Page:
Review of Doomed to Succeed: The U.S.-Israel Relationship from Truman to Obama by Dennis Ross. New York: Farrar, Straus and Giroux, 2016. 512 pp. $30 ($17, paper).
If there is one person who most deserves the Nobel Peace Prize for effort it is Dennis Ross. No one has labored longer to bring peace to the Middle East. Sadly, Ross is probably unknown to the Nobel committee, but those in the know are aware of his Sisyphean efforts to achieve a settlement between Israelis and Palestinians.
In Doomed to Succeed – which would be more accurately titled, Doomed to Fail--Ross documents the history of America’s mostly misguided peace efforts dating back to FDR. The early history is a rehash of well-known facts, most of which is covered in my book, The Arab Lobby, but it is obligatory for a comprehensive study and reinforces his thesis that misguided Arabists have adversely influenced U.S. policy. The book really gets interesting, however, when Ross provides eye-witness accounts of policy-making in administrations from Reagan to Obama.
For example, Ronald Reagan, despite being revered as one of Israel’s best friends in the White House, was the most punitive president when Israel angered him. George H.W. Bush’s attitudes as Vice President foreshadowed his animus toward Israel. The Carter administration’s failure to pay attention to the events unfolding in Iran led to the difficult position we are now in with the radical Islamic regime. Hoping to reset relation, Obama opened a back channel to “moderate” Iranian President Rouhani and administration officials subsequently lied about pursuing secret talks.
In case there ever was any doubt, Obama’s antipathy toward settlements comes through loud and clear. His views were so entrenched that Clinton didn’t bother to challenge his decision to call for Israel to freeze settlement construction because she knew the depth of his feelings on the subject.
Forget dealing with Israelis and Palestinians, anyone who could survive the personal and bureaucratic landmines across those administrations is one heck of a diplomat. Despite his tact, Ross was often ostracized or impeded by the nefarious Arabists that permeate the intelligence agencies, as well as the State and Defense Departments, who promote the specious notions that the Israel-Palestinian conflict is the root of all problems in the Middle East, and that our relations with Israel endanger our troops in the region and undermine our ties with the Arabs and Muslims. He was also suspect because he is a proud pro-Israel Jew, which led Israel’s critics to accuse him of being Israel’s lobbyist.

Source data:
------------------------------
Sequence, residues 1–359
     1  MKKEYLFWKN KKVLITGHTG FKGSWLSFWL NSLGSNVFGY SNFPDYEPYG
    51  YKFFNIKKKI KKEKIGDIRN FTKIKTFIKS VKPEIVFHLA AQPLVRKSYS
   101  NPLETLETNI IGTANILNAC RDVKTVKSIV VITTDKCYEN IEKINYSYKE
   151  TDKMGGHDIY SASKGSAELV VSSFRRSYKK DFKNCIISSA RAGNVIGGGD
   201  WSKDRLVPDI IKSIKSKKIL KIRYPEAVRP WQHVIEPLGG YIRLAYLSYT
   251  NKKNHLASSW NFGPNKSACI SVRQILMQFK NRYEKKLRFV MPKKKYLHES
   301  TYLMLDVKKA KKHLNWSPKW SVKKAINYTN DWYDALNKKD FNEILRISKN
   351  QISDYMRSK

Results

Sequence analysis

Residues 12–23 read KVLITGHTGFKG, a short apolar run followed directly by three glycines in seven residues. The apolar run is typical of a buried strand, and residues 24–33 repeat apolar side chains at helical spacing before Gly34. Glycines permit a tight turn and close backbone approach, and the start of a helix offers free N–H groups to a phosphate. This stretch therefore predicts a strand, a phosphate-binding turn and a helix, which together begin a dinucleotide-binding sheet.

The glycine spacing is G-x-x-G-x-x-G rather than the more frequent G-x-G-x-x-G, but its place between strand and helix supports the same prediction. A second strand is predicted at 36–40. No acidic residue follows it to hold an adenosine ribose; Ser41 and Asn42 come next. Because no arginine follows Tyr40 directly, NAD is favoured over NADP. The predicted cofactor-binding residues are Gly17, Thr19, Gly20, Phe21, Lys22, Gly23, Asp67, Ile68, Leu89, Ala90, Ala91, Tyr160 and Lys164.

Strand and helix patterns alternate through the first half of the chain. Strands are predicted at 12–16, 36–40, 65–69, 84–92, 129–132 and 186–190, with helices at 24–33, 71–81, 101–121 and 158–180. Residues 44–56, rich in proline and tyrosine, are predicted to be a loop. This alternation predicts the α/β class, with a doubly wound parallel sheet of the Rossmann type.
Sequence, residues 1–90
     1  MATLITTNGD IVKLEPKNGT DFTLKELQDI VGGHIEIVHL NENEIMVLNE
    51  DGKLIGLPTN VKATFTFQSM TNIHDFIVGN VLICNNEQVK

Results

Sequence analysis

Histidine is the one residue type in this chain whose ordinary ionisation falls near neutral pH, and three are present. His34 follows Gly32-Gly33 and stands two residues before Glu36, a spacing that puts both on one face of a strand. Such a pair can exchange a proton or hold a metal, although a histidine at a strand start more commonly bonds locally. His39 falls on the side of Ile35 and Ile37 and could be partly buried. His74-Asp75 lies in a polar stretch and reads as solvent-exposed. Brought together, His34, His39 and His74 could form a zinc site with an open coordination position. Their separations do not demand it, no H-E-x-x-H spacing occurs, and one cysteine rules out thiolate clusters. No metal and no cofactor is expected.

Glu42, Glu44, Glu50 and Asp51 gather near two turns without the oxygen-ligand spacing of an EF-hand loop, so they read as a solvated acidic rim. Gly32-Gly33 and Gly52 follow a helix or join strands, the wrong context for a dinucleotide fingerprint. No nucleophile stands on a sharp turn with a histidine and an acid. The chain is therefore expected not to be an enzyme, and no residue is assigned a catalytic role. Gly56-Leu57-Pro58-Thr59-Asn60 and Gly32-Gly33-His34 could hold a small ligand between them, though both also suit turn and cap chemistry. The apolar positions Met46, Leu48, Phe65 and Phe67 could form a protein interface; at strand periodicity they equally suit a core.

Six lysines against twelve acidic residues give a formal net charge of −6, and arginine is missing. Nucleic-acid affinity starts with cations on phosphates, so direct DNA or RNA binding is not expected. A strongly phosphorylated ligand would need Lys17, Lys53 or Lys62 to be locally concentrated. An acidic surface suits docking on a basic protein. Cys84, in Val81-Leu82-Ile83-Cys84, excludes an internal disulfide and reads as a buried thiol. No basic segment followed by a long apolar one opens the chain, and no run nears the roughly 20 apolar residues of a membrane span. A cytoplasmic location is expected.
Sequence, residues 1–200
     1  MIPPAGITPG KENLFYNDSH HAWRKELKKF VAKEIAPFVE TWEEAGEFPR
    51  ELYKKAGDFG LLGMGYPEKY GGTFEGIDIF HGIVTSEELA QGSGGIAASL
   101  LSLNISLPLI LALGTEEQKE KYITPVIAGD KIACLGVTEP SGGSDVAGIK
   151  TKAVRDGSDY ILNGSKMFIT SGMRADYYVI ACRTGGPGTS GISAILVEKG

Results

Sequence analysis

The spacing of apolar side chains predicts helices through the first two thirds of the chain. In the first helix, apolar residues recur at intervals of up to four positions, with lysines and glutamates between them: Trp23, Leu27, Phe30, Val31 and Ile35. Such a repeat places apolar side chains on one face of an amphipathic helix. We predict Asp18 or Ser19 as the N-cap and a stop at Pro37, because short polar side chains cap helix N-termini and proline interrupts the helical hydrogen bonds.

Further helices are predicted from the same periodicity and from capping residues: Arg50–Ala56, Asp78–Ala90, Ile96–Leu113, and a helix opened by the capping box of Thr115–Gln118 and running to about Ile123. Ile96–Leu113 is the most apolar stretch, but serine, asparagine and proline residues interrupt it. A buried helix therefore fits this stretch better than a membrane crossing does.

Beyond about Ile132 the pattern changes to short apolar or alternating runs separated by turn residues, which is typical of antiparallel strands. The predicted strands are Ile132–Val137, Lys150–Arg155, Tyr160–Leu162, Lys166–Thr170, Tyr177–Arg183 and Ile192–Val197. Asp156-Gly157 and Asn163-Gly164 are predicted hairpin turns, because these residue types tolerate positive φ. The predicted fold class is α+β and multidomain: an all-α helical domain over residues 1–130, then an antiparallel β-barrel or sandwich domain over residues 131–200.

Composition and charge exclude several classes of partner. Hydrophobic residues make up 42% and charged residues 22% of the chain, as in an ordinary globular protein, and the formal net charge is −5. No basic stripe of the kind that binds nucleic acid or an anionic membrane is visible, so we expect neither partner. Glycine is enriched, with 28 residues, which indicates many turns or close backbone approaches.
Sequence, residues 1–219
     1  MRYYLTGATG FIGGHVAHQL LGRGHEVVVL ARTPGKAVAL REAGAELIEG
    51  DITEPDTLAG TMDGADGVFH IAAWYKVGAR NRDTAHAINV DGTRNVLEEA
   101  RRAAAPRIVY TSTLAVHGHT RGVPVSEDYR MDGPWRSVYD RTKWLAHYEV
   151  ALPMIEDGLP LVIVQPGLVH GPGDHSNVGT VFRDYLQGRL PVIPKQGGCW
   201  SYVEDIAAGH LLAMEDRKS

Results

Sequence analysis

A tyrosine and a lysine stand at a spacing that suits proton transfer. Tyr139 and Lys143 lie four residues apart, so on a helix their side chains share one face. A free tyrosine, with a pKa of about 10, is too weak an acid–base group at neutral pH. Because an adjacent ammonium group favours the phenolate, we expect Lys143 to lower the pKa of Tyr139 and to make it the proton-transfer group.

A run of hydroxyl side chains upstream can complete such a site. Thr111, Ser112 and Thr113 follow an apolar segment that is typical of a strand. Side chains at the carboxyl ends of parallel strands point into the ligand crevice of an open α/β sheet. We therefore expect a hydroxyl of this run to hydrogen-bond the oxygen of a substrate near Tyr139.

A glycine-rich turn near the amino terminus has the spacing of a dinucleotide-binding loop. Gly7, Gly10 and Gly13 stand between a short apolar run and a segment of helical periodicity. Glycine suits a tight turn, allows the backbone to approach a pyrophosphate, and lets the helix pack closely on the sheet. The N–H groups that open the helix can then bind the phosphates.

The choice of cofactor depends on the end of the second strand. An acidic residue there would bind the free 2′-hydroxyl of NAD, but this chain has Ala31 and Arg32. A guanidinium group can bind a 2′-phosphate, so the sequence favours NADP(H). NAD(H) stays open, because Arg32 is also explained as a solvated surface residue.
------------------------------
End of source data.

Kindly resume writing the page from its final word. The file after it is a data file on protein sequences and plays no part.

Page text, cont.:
Not surprisingly, the Obama State Department, which hoped to reverse the perception that George W. Bush was Israel’s lawyer, successfully prevented him from getting the peace process portfolio. Ultimately, Obama’s disastrous early missteps, which were a combination of the president’s hubris, naiveté, ignorance of the Middle East, and bad advice from his advisers, led Obama to bring Ross back to handle the Israeli-Palestinian issues. Even Obama recognized Ross was the one person who had the institutional memory, the regional knowledge, tact and personal relationships to recalibrate the administration’s policy, at least temporarily, and undo some of the damage done in Obama’s early initiatives.
It should not come as a surprise, except to the Arabists, that the Arab states do not particularly care about the Palestinians. “The Palestinian issue has indeed been a centerpiece for Arab leaders,” Ross observes, “but more to use as leverage against us or against each other. Rarely has any Arab leader done much for the Palestinians.” Therefore, basing our policy on the false proposition that pressuring Israel, or even achieving a peace agreement, will improve our relations in the region is a myth.
Ross’s conclusion, which he writes in the preface, is the most damning statement of the deficiencies in U.S. Middle East policy. “Unfortunately,” he wrote, “too often our policy makers did not understand the fundamental realities in the region – and seemed unwilling or unable to learn lessons. We not only made basic mistakes, but we repeated these over time. Those past mistakes, and their rationales, continue to echo today.”